Alien: Covenant, like the many offerings of that benevolent hydra known as the Marvel Cinematic Universe, depends to no small extent on the foreknowledge of its filmic predecessors, both directed by Ridley Scott: the landmark sci-fi horror touchstoneAlien, of course, but more obviously the unjustly maligned Prometheus from 2012. Fittingly, it borrows strands of DNA (as it were) liberally from both, melding the basic structure of both with the grimy, generally no-frills mode of the former and the sense of wonder and existential doubt of the latter. The result is something slightly uncanny, as initially shocking as the notably CGI aliens (a far cry from the hulking suit of the original film), but thrilling and hard-hitting all the same.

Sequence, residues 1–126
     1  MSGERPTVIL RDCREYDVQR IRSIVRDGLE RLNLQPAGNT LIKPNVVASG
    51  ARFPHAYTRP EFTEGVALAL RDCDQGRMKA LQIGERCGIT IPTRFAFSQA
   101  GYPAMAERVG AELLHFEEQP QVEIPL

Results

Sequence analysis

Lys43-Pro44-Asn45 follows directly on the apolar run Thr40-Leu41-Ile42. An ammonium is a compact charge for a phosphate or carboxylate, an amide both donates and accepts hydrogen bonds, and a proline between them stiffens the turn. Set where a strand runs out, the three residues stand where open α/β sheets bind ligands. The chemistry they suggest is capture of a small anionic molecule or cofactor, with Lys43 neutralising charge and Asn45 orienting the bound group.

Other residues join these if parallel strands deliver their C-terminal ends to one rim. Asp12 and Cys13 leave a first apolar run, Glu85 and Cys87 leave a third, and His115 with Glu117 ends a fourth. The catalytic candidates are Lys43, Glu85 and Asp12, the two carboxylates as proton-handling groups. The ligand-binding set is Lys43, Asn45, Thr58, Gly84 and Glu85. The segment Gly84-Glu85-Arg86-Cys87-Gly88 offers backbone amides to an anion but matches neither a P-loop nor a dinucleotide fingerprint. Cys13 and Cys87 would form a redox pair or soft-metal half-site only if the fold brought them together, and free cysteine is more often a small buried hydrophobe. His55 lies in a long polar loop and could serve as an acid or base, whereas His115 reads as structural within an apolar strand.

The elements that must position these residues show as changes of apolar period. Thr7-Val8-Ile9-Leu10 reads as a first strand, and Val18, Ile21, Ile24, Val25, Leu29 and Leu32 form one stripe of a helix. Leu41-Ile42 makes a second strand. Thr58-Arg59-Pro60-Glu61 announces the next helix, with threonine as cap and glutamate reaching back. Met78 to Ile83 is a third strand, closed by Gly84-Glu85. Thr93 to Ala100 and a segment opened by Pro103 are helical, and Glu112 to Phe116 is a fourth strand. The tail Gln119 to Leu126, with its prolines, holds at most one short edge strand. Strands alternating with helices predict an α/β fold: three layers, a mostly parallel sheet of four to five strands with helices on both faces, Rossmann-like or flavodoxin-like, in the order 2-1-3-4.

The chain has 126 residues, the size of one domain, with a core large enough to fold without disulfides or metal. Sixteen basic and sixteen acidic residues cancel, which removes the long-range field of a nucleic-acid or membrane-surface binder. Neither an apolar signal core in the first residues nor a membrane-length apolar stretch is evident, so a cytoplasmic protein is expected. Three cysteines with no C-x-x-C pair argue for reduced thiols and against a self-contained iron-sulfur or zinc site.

What sets Alien: Covenant apart from its forbears is its method for unleashing hell. Functionally speaking, it takes a two-pronged approach, conveniently divided into two halves. The first concerns the various crew members of the Covenant, a deep-space colony mission diverted by a mysterious transmission issuing from a heretofore unknown planet that seems completely suitable for life, including acting captain Christopher (Billy Crudup), second-in-command Daniels (Katherine Waterston), chief pilot Tennessee (Danny McBride), and android Walter (Michael Fassbender). The second picks up neatly after various survivors of the initial alien attack are assisted by David (Fassbender again), the android figure from Prometheus who has been dwelling on the hostile planet for ten years.